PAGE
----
IT BEGAN as an alternative to the pomp of the International Festival, providing cheap entertainment in unconventional theatre spaces and often performed by students with desperate financial consequences.
Less than 60 years on, the Edinburgh Festival Fringe is an international corporate extravaganza.
This year, for the first time, one of the Fringe’s most important venues will offer corporate hospitality packages in a bid to raise much-needed revenue.
The Assembly Rooms will charge more than 40 a head for the privilege of watching a show in its Music Hall with corporate levels of hospitality. While the hoi polloi queue up with their 5 tickets, corporate guests will be wined and dined with champagne and canapes in a private room before gliding past the crowds, via a private corridor, to their seats in the main auditorium.
William Burdett-Coutts, the artistic director of the Assembly Rooms since its formation in 1981, said that far from destroying the original and unique atmosphere of the Fringe, special treatment for a select few willing to pay for it was a simple matter of financial survival.
Mr Burdett-Coutts said: "Although we look like we are a successful animal, we rely very much on bringing in sponsorship and general income from other sources, otherwise we don’t survive.
"The costs of generating what we do for a three-week period is quite staggering, and without corporate support it is very, very difficult, and we have no major sponsor this year so we are having to explore every angle we can to bring in other resources."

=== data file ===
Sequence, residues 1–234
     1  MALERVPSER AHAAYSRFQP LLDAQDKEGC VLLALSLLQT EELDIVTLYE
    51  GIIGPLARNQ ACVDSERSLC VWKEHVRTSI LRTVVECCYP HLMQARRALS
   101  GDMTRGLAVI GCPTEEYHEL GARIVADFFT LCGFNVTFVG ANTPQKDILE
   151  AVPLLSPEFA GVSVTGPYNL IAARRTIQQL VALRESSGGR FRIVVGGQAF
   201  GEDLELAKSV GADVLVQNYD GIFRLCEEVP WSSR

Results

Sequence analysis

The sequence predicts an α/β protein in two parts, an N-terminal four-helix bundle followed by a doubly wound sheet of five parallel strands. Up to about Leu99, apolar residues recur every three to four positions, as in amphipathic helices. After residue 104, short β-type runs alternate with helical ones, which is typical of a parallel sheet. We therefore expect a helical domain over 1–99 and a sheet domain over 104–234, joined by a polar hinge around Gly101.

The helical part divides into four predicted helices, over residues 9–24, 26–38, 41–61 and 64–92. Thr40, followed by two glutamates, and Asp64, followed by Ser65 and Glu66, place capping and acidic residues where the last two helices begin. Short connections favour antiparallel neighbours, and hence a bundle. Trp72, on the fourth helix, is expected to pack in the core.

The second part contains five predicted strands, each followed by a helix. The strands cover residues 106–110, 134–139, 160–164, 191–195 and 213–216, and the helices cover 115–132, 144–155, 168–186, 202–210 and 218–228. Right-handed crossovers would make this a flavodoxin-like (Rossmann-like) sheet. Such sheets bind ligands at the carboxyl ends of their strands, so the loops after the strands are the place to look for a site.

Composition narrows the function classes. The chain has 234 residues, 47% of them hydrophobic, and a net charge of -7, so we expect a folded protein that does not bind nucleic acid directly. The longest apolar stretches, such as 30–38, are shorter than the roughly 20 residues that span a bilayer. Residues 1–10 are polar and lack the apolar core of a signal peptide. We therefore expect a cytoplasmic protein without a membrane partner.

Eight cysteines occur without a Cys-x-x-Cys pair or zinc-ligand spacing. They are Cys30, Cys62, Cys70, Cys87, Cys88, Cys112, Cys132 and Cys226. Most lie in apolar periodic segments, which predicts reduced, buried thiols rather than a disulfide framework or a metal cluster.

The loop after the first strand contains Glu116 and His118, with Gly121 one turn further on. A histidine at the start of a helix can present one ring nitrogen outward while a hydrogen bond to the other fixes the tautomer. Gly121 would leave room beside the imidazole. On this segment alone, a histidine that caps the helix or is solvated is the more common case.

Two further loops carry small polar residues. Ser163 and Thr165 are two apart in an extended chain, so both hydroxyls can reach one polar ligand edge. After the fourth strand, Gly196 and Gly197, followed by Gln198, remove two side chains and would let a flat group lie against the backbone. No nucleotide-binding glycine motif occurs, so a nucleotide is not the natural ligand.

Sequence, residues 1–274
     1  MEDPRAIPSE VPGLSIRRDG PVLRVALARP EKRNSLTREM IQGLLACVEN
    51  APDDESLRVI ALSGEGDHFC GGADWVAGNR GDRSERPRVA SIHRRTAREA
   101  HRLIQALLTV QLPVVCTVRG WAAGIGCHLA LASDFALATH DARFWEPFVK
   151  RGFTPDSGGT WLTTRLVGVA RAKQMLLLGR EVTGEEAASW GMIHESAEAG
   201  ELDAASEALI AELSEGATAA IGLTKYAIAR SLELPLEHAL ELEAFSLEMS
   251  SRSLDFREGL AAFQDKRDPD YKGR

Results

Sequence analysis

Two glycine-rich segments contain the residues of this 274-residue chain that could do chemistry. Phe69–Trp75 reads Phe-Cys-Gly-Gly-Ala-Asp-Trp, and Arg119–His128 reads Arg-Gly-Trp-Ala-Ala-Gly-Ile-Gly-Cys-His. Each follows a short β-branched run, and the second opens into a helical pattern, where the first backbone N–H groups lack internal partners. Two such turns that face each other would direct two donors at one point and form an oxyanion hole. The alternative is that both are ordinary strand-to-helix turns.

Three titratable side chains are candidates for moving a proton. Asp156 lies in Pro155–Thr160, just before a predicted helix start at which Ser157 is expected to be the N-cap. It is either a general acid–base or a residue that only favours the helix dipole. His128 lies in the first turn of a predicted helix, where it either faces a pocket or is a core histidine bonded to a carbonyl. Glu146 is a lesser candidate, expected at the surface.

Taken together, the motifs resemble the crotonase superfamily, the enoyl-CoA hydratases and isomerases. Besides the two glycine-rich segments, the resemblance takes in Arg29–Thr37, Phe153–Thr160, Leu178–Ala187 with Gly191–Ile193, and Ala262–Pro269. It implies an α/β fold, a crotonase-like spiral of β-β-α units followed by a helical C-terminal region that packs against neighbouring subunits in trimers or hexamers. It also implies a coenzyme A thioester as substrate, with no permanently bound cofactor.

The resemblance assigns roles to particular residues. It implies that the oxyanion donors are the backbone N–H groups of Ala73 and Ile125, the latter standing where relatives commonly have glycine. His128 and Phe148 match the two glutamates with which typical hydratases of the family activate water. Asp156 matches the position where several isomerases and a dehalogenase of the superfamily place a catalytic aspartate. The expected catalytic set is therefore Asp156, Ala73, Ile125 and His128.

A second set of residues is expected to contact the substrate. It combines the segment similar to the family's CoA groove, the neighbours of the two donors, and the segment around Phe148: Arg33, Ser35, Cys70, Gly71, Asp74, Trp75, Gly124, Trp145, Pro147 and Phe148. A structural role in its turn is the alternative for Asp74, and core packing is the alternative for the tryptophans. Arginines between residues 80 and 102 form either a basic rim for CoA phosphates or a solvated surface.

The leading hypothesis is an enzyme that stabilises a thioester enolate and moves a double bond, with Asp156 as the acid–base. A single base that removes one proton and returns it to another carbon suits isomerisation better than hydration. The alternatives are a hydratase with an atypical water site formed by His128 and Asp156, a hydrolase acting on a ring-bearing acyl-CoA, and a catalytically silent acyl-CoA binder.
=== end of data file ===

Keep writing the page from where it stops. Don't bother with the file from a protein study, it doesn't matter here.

The Fringe is an attractive opportunity for corporate institutions. Not only is it the largest arts event in the world, generating ticket sales of 9.3 million, it also attracts a young and affluent crowd. Statistics from the Fringe’s office show that its audience has a spending power in excess of 40 million.
But Mr Burdett-Coutts also believes the venture will be a success as many companies prefer to take their clients to alternative comedy as opposed to more highbrow events such as ballet or opera. The Scotsman spoke to several Edinburgh financial institutions, and they confirmed this.
Mr Burdett-Coutts added: "There was a time when we all would have gone to the International Festival but the Fringe has garnered the interest now. Going to see the voice of Bart Simpson is probably a lot more interesting to people than going to the ballet."
Paul Gudgin, the Fringe director, said: "On the whole it is a positive step, if businesses are prepared to put a little bit of extra revenue in then I think it helps all of us.
"It is not a cheap business we are in so any additional investment is welcome."